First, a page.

Appeal 100 | Pa. Super. Ct. | Nov 21, 1932

Argued November 21, 1932. The insurance commissioner, as statutory liquidator of an insurance company, brought this action to recover from the defendant the amount of certain assessments *331 levied by him in the course of the liquidation of the company's affairs. An affidavit of defense was filed, which the learned court below held insufficient, and directed judgment in favor of the plaintiff against the defendant in the sum of $328, with lawful interest thereon from September 15, 1925. This appeal followed.

The facts relied upon by the plaintiff do not differ essentially from those in Taggart, Insurance Commissioner, v. Graham, in which an opinion is filed this day, reported in108 Pa. Super. 320" court="Pa. Super. Ct." date_filed="1932-11-21" href="" opinion_id="3857071">108 Pa. Super. 320. For the reasons set forth therein, the plaintiff's statement is insufficient to support a judgment. As this record will be remitted for the parties to take such action as they may deem wise, it seems advisable to state that we are in accord with the court below in its conclusion that the affidavit of defense is insufficient.

The defendant avers that he was induced to become a member of the company by false representations of the agent, that upon receipt of the certificates he discovered the fraud, and, before any losses were sustained, returned, by mail, the certificates to the company for the purpose of cancellation, and that the "policies were accepted by the plaintiff company and were cancelled by said company."

Fraudulent representation of the agent of the company is not a good defense to an action by a receiver of the company for assessments: Dettra v. Kestner, 147 Pa. 566" court="Pa." date_filed="1892-03-21" href="" opinion_id="6240623">147 Pa. 566, 23 A. 889" court="Pa." date_filed="1892-03-21" href="" opinion_id="6240622">23 A. 889; Van Dyke v. Baker, 214 Pa. 168" court="Pa." date_filed="1906-02-26" href="" opinion_id="6248378">214 Pa. 168, 63 A. 594" court="Pa." date_filed="1906-02-26" href="" opinion_id="6248378">63 A. 594; Tanner v. Weber Co., 59 Pa. Super. 14" court="Pa. Super. Ct." date_filed="1915-02-24" href="" opinion_id="6278461">59 Pa. Super. 14. Nor is a bald averment, without supporting facts, that no losses were sustained by the company before he mailed the certificates back to it, sufficient: Stockley v. Riebenack, 12 Pa. Super. 169" court="Pa. Super. Ct." date_filed="1899-12-16" href="" opinion_id="6272759">12 Pa. Super. 169; Tanner v. Weber Co., supra. Nor is the statement adequate that the policies were accepted and cancelled "by said company," without disclosing the name of *332 the agent or officer of the plaintiff company, or so describing him, that authority to act may be reasonably inferred: Heyser L. Co. v. Whiting L. Co., 62 Pa. Super. 76" court="Pa. Super. Ct." date_filed="1916-03-01" href="" opinion_id="6278853">62 Pa. Super. 76. "A corporation is a purely artificial body, and can act only through agents, hence, unless the receipting agent is set forth to whom the money has been paid, and the special circumstances attending such payment, the defendant might just as well swear to a plea of payment with leave, and offer that as an affidavit of defense": McCracken v. First Ref'd Pres. Congregation, 111 Pa. 106" court="Pa." date_filed="1886-01-04" href="" opinion_id="6238217">111 Pa. 106, 109, 2 A. 94" court="Pa." date_filed="1886-01-04" href="" opinion_id="6238217">2 A. 94.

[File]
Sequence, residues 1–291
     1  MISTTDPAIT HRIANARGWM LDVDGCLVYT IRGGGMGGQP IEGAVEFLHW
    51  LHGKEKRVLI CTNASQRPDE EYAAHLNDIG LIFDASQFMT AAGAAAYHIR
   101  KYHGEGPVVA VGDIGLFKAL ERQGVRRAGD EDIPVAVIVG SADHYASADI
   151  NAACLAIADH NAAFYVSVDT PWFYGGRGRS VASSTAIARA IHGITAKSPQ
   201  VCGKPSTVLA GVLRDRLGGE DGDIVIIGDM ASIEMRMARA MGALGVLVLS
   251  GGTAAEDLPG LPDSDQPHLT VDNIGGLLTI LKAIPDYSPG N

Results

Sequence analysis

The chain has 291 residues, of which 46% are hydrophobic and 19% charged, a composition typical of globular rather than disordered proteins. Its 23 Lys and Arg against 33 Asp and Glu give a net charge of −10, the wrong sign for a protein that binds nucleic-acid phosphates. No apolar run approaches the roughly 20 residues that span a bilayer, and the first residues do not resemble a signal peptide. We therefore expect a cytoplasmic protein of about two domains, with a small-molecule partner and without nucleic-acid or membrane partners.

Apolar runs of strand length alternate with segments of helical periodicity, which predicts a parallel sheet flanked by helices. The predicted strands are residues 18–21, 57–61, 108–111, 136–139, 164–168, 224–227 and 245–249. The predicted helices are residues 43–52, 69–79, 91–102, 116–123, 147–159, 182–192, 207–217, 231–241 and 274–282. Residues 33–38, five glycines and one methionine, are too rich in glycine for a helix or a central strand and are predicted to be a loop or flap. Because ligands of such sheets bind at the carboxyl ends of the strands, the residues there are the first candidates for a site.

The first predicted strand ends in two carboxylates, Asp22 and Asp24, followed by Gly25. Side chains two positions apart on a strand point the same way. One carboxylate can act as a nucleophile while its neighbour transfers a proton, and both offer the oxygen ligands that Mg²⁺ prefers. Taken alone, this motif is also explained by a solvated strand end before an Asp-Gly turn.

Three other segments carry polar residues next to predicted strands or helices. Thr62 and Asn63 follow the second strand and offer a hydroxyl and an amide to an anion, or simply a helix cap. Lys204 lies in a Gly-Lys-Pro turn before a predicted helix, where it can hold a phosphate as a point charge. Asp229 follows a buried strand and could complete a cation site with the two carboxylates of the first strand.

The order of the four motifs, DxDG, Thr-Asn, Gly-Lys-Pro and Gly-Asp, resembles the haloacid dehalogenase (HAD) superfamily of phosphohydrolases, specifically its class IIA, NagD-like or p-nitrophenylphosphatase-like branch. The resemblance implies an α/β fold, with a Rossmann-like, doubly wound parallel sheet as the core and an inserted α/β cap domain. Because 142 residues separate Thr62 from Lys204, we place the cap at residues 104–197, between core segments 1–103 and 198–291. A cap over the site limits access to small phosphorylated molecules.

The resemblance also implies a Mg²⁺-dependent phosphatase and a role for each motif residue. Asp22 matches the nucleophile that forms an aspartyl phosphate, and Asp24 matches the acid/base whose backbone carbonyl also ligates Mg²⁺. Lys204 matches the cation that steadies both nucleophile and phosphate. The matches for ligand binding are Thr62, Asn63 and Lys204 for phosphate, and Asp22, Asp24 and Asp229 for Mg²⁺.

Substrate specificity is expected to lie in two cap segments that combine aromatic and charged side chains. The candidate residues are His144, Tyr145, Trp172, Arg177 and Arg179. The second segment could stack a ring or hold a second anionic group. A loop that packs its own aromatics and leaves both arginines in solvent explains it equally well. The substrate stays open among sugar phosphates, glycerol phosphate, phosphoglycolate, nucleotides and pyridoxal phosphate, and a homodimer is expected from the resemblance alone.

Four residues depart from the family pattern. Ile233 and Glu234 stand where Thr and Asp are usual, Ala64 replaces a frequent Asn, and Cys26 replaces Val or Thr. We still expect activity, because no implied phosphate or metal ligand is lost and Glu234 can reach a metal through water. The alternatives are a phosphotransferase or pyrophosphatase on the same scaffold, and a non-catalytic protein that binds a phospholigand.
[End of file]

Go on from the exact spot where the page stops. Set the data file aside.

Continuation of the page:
The facts relied upon should have been set forth with more particularity.

The order of the court in entering judgment for plaintiff for want of a sufficient affidavit of defense is reversed with a procedendo.